The Legacy Resource Management Program (Department of Defense, Legacy Project Number 0742) was part of a larger study initiated in 1991 by the United States Congress to provide an opportunity to enhance the stewardship of the natural and cultural resources on the more than 25 million acres of land under Department of Defense jurisdiction. To achieve this goal, the Department of Defense initially gave high priority to inventorying, protecting, and restoring natural resources. In Alaska, two U.S. Air Force sites on the coastal North Slope of Alaska, Barter Island and Barrow, were characterized to build an inventory of the present biotic communities to compare them to historic communities. Dr. Donald A. (Skip) Walker conducted the vegetation inventory in 1993 and 1994, the results of which are included in a data report by Elias et al. (1996).
During the Legacy vegetation survey, 61 releves (31 at Barter Island, and 30 at Barrow) were subjectively located in 14 plant communities and 4 broad habitat types including: 1) coastal salt marsh vegetation (4 plots), 2) dry coastal beach and sand dune vegetation (3 plots), 3) sedge grass and dwarf shrub mire and fen vegetation (36 plots), and 4) dry and mesic dwarf-shrub and graminoid vegetation on non-acidic substrate (18 plots).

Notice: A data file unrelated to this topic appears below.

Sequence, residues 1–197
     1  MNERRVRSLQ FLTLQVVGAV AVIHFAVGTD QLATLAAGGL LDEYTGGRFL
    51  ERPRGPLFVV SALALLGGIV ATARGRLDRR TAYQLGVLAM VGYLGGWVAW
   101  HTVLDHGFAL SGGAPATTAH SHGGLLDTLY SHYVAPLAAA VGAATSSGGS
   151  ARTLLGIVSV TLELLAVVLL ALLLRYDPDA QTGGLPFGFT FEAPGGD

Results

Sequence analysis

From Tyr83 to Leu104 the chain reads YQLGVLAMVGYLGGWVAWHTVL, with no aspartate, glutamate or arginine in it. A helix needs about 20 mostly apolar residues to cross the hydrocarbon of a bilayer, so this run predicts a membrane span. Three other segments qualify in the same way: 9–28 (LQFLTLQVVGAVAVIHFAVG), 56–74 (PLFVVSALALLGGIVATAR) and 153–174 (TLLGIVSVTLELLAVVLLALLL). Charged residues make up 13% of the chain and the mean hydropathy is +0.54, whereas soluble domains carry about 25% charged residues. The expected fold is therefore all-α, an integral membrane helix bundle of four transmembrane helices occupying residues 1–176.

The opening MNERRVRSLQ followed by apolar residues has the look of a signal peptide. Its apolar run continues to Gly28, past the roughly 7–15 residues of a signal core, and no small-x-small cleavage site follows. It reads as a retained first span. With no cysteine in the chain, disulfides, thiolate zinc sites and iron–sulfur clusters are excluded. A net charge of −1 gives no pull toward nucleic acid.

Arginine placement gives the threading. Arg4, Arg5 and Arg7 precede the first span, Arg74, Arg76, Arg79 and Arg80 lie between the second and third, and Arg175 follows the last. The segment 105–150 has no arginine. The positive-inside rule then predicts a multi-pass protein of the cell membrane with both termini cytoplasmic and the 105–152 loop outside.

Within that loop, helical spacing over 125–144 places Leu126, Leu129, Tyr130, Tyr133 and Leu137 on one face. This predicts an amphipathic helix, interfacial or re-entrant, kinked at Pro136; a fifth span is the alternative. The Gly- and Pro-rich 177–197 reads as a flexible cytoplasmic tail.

The plots were not permanently marked but were located on aerial photographs. The size of each sample area was estimated after a complete species list was obtained and varied from 14 to 500 square meters. Species and environmental data including subjective site assessments were collected in the field. Soil samples were brought back to the lab for chemical analysis.
The report Elias et al. (1996) also includes data on Holocene and modern insects, and Holocene plant communities (pollen).
Elias, S., S. K. Short, D. A. Walker, and N. A. Auerbach. 1996. Historical biodiversity at Remote Air Force Sites in Alaska. Legacy Resource Management Program Project #0742, Point Barrow and Barter Island Long Range Radar Sites, Alaska. Data Report, Institute of Arctic and Alpine Research, University of Colorado, Boulder, Colorado, USA.